Governance Structure

Organizational Values

Two of FSSC’s core values are transparency and integrity. We take these values seriously for ourselves, our partners, and Schemes.

Only when we operate with integrity can we build trust and create a better world. That said, all FSSC team members have signed a Code of Conduct in which they commit themselves to the Foundation’s values and conduct themselves ethically.

Scheme Governance

The FSSC Schemes are governed by the Board of Stakeholders (BoS), which consists of a balanced representation of key stakeholders in the consumer goods industry. BoS members represent the interests of the various sectors covered by the Scheme. All Scheme changes go through the BoS for final review, discussion, and decision-making.

The BoS is supported by the Advisory Committee, which provides expertise and input into recommendations on any Scheme changes. This system offers oversight, transparency, and industry involvement to ensure the Schemes remain relevant and credible in the marketplace. More information on our BoS and Advisory Committee can be found below.

Scheme Development and Revision Management

The strategic development and review process of the existing requirements of the relevant FSSC Scheme, documentation, and all other related materials, is based on the required input from various internal project teams and external stakeholders.

Normative documents that form part of the relevant Scheme are not owned by the Foundation but by the appropriate organization,
i.e., ISO or BSI. These normative documents are subject to a public consultation period of 60 days, as set out in their respective procedures, relating to changes, standard review, or new standard development.

The FSSC Scheme requirements are subject to internal and external review, including a public consultation for major changes in FSSC 24000, with a recommendation by the Advisory Committee and approval by the Board of Stakeholders. The Advisory Committee includes key stakeholders, including Certification Body associations, Accreditation Bodies, and the industry.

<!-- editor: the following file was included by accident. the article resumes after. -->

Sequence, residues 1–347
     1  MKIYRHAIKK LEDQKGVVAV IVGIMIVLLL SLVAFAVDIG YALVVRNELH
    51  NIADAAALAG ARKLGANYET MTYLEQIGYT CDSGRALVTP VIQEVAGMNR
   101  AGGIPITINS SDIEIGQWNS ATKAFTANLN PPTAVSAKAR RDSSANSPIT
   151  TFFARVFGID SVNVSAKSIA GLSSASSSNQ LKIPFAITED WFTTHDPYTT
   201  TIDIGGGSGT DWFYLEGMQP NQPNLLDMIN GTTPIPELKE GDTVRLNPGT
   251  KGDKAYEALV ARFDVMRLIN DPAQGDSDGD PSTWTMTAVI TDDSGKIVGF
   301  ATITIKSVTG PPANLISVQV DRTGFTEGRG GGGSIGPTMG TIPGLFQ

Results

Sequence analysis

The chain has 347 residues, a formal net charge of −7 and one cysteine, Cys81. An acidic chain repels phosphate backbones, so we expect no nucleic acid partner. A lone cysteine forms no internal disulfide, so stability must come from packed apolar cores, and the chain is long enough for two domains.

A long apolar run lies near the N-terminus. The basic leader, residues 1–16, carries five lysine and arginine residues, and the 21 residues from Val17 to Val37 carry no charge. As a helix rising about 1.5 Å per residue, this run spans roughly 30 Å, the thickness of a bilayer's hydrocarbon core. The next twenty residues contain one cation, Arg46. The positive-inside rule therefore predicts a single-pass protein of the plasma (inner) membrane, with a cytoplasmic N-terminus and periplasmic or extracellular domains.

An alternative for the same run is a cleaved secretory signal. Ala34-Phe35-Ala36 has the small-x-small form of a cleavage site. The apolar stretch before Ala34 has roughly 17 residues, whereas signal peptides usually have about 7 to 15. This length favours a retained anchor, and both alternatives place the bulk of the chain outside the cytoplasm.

The final draft version of a new or updated Scheme goes through the FSSC Advisory Committee, with final approval by the Board of Stakeholders and oversight by the Management Board.

This is achieved by:

The development of a Scheme revision is a crucial action linked to the strategic approach of the Foundation.

Certain drivers can initiate a change/s in Scheme requirements.

These could include:

  • Involvement in key industry forums
  • Involvement in standard setting and benchmarking committees, e.g., ISO, IAF, SSCI, GFSI
  • Having multi-stakeholder representation on the FSSC Advisory Committee and Board of Stakeholders from major stakeholders, especially in the Consumer Goods industry
  • Running or participating in industry projects

These could include:

Certain drivers can initiate a change/s in Scheme requirements.

  • Changes in normative documents
  • Changes in IAF or Benchmarking requirements
  • Market needs resulting in a scope extension or Scheme change
  • Process improvements identified through internal and external stakeholders (captured in the Change log)
  • Amendments or Corrections

Governance of Licensed Partners

Only licensed Certification Bodies are allowed to deliver audits to the FSSC Schemes. To become licensed, a Certification Body (CBs) needs to gain management system accreditation. Accreditation ensures that CBs operate according to standards governed by the International Accreditation Forum (IAF) and are continuously monitored by Accreditation Bodies (ABs).

In addition, FSSC Schemes detail the requirements for ABs and mandate that our partnered ABs be signatories of the IAF MLA (multi-lateral agreement). These conditions ensure a consistent approach across ABs worldwide. The Integrity Program delivers another level of assurance and governance beyond what the ABs provide, wherein we scrutinize CB performance directly.

Board of Stakeholders

Advisory Committee FSSC 22000

Advisory Committee FSSC 24000